• FIG. 5 b is an illustration of a golf club with a pair of devices of this invention located between the handle and the golf club.
  • FIG. 5 c is an illustration of a golf club with a pair of devices of this invention located between the center of mass and the club head.
  • FIG. 6 a is a full front view of a modern tennis racquet.
  • FIG. 6 b is a full bottom view of a swing speed weight of this invention.
  • FIG. 6 c is a partial cross sectional view of the device of FIG. 6 b.
  • FIGS. 7A through 7F show illustrations of the tennis racquet of FIG. 7G with swing speed weights placed at various locations thereon.
  • FIG. 7G is a full front view of a standard modern tennis racquet.
  • DETAILED DESCRIPTION OF THE INVENTION
  • The speed weight training weights of this invention are composed of plastic materials, for example, flexible viscoelastic plastics. Especially preferred is a composite plastic material, for example, a class of thermosetting plastics called polyvinyl chloride (PVC) polymer. The polyvinyl chloride polymer is a well studied commercial plastic. This plastic has been formulated into basic plastic types and tailored in composite combinations to achieve enhanced material properties. The device in this invention takes advantage of the diversity of PVC plastic behaviors.
  • Plastics have “perfect memory”, “no memory” or “fading memory”. The viscoelastic plastic has the capability to absorb impact shock by hysteresis heat loss, for example from a golf club hitting a ball. The material properties of plastic are described in more detail to achieve unique device capabilities not known in the prior art. The claimed result is a functionally efficient (simple) device for sport training.
  • All plastics are classified as either thermosetting or thermoplastic. Thermosetting materials can only be melted once. Thermoplastics can be melted multiple times. Plastics have three basic behavior types: 1) elastic plastics, 2) viscous plastics, and 3) viscoelastic plastics.
  • The first type, elastic plastics, can be thought of as having “perfect memory”. If elastic plastics are deformed through the action of a force, they return to their original shape when the force is removed. This happens when a rubber ball bounces. The ball is deformed as it hits a hard surface but the rubber remembers its undeformed spherical shape. Rapid recovery of the shape causes the ball to bounce back.
  • The second type, viscous (molten) plastics, by contrast, have “no memory”. When a force is removed, they retain their condition at the time the force is removed (or continue moving as the result of inertia). When a viscous plastic is dropped onto a hard surface, it deforms and does not bounce.
  • The third type, viscoelastic plastics, are in between elastic plastics and viscous plastics having “fading memory”. If a force is removed shortly after it is applied, they will remember their undeformed shape and return toward it. If a viscoelastic plastic is dropped onto a hard surface, it will bounce like a ball but not as high and will be deformed for a period of time until it reforms to the original shape. This recovery time is a measure of hysteresis. However, if the force is applied for a long time, it will eventually forget its undeformed shape and not return to the original shape.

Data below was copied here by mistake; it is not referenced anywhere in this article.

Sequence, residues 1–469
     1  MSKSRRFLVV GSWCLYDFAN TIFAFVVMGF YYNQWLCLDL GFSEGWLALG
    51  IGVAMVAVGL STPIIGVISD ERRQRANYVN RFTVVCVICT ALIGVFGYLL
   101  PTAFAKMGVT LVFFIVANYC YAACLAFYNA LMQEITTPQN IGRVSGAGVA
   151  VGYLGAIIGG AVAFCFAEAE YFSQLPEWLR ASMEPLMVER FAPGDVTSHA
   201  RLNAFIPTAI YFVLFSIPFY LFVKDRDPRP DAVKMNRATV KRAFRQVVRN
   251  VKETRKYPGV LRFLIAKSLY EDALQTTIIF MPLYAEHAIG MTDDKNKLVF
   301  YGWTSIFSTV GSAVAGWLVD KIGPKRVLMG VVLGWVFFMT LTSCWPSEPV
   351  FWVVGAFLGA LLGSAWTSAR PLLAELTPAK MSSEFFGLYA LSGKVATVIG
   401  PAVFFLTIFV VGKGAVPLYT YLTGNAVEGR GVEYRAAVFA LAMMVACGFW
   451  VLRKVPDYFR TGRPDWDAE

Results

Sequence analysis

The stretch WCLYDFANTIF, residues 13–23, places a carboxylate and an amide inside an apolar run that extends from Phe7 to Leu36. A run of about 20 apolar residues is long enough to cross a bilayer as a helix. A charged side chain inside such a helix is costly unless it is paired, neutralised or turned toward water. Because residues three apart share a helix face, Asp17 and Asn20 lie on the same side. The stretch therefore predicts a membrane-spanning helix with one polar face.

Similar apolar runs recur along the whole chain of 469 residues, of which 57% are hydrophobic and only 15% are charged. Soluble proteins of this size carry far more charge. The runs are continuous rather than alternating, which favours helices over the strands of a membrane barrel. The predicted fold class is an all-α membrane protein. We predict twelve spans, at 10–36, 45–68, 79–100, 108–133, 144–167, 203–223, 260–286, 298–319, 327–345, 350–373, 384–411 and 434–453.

• A viscoelastic plastic has an elastic component and a viscous component. The viscosity of a viscoelastic plastic gives a strain rate dependent on time. A viscoelastic plastic loses energy when a load is applied, then removed. Hysteresis is observed in the stress-strain curve. Since viscosity is the resistance to plastic deformation, a viscous plastic will lose energy throughout the loading cycle. Plastic deformation results in lost energy, or the ability to absorb the shock of impact with a hard surface.
  • More specifically, viscoelasticity in a plastic comes from a molecular rearrangement. When a stress is applied to a viscoelastic plastic, parts of the long polymer chain change position. This movement or rearrangement is called “creep”. Polymers remain a solid material even when these parts of their chains are rearranging in order to accompany the stress, and as this occurs, it creates a back stress in the material. When the back stress is the same magnitude as the applied stress, the material no longer creeps. When the original stress is taken away, the accumulated back stresses will cause the polymer to return to its original form. The material creeps, which gives the prefix visco-, and the material fully recovers, which gives the suffix -elasticity.
  • Developing a competitive edge is an essential part of sports. The competitive nature of sports drives players in seeking ways to gain this advantage through training methods, knowledgeable coaching, and equipment innovations. Sport-specific training is becoming a common method to develop this competitive advantage and hence sport-specific training aids are needed. Sport-specific training programs are tailored to maximize the individual player performance capabilities for a particular sport. Speed, quickness, and agility in swinging a sport object are fundamental performance capabilities for example, baseball, tennis, and golf. However, both the player and the coach need to be assured that a sport-specific training aid will not compromise other training gains such as changing the player's swing mechanics.